Rosacea

Additional Symptoms of Rosacea

Besides facial redness and red bumps, symptoms of rosacea can include:

  • Eye problems. Many people with rosacea also experience dry, irritated, swollen eyes and red, swollen eyelids. This is known as ocular rosacea. In some people, the eye symptoms precede the skin symptoms.
  • Enlarged nose. Over time, rosacea can thicken the skin on the nose, causing the nose to appear bulbous. This occurs more often in men than in women.

What Causes Rosacea?

Many Rosacea sufferers begin to avoid the things that trigger their symptoms. The National Rosacea Society surveyed 1,066 sufferers and the most common triggers were:

  • Sun exposure
  • Emotional stress
  • Hot weather
  • Wind
  • Exercise
  • Alcohol consumption

Treatments for Rosacea

Here at Travis Shaw, MD, we have seen our rosacea patients see improvements when using an exfoliating cleanser, oil control pads, dual action scrub, Daily Power Defense, Rozatrol, Wrinkle & Texture, Growth Factor Serum, complexion mask, instant pore refiner, and SPF Primer or Broad Spectrum. We have also seen success with stimulator peels, HydraFacial deluxe with blue light therapy and Rozatrol booster, CBD microchanneling, and microneedling with PRP.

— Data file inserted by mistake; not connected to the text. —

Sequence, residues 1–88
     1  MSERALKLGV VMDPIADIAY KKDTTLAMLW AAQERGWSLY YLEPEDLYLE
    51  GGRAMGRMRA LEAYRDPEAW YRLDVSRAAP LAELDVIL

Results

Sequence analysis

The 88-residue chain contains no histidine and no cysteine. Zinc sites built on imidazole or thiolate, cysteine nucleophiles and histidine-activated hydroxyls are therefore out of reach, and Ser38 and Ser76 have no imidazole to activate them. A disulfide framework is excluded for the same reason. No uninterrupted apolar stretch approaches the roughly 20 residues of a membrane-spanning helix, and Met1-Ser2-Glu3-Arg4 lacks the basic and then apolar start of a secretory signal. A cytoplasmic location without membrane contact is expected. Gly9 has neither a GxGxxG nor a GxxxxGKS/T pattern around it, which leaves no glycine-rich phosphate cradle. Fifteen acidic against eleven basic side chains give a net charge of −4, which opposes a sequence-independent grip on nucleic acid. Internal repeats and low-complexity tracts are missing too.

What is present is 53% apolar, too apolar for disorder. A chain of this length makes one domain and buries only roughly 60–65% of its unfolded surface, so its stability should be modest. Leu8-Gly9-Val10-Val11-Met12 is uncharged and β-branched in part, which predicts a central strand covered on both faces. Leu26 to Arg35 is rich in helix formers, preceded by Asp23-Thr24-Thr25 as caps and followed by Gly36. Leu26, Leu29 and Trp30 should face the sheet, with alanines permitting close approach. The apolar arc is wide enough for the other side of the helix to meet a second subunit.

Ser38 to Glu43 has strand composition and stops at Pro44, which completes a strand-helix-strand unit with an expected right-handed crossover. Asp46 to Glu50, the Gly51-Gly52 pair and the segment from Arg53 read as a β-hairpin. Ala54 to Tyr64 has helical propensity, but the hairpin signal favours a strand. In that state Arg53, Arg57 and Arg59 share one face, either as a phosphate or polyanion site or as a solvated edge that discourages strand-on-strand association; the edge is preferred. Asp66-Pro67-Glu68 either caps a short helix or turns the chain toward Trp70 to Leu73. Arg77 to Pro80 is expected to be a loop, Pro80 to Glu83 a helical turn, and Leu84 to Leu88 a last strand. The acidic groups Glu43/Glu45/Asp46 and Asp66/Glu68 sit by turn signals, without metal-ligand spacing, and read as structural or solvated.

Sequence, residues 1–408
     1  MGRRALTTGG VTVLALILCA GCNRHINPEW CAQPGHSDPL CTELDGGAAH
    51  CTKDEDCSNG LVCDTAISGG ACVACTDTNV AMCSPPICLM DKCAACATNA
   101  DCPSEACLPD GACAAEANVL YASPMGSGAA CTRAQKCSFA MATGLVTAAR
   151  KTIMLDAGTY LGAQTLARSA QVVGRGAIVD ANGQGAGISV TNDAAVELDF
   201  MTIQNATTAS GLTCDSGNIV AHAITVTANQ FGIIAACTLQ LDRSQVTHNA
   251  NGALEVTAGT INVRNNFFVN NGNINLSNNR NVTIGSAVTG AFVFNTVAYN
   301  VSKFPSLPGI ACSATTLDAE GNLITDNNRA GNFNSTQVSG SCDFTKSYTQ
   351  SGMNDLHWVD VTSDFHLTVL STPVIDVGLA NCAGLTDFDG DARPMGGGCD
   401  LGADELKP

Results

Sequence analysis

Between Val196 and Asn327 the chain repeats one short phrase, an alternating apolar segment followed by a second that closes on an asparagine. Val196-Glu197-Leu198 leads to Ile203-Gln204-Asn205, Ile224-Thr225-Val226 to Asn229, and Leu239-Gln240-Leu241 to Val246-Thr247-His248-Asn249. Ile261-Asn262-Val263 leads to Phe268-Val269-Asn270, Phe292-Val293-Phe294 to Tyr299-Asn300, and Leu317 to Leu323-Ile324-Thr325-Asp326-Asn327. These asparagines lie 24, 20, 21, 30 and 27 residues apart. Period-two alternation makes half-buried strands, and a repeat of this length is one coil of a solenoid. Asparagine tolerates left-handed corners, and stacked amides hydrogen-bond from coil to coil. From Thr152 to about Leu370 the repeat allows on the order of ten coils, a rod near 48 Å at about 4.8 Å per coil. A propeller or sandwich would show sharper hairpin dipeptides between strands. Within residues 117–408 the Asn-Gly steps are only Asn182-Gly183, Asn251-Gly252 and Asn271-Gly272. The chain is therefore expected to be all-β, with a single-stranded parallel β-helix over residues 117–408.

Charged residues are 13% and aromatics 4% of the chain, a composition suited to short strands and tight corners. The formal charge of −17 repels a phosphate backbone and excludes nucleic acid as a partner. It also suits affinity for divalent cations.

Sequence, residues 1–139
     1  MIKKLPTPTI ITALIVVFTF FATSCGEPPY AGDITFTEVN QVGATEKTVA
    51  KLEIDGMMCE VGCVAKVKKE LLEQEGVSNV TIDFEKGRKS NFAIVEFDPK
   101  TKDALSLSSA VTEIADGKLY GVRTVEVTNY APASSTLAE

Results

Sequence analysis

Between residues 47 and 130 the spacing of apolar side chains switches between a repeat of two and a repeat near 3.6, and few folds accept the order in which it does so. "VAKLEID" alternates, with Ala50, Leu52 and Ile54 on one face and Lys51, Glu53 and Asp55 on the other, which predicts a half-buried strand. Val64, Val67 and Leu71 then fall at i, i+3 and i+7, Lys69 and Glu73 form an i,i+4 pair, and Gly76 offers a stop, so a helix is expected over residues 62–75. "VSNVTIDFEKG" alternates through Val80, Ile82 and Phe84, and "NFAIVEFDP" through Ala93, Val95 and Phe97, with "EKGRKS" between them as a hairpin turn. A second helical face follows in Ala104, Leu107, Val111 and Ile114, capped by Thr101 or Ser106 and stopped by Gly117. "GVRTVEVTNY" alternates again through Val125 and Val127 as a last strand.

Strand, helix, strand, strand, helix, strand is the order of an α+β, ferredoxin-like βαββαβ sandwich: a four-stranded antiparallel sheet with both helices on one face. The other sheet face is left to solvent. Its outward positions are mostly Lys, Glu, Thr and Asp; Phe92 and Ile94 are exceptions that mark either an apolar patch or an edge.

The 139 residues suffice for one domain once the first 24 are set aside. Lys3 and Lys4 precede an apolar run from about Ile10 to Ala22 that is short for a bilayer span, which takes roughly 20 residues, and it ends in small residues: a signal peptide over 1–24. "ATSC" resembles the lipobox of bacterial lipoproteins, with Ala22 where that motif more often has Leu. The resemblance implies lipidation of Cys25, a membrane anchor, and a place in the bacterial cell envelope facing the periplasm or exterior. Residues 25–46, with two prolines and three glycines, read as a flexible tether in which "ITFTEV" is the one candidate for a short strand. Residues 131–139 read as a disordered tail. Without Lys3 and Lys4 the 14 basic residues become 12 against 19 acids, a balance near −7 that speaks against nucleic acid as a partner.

MELASMA

Melasma is a common skin disorder that affects up to 33% of the population. If you have melasma, you’re likely experiencing light brown, dark brown and/or blue-gray patches on your skin. They can appear as flat patches or freckle-like spots and usually appear on your cheeks, upper lip, forehead, and forearms. It can also appear on your back or any other area of your skin that is often exposed to sun.

Melasma is sometimes called the “mask of pregnancy” because it affects 15 – 50% of pregnant women. The spots typically darken and lighten over time, and they often get worse in the summer and better in the winter as exposure to sunlight tends to darken the affected areas.

Melasma can be long-lasting, affecting your skin’s appearance for three months or more. Some people have melasma for years or their entire lives. Other people may have melasma for just a short time, such as during pregnancy.

What Causes Melasma?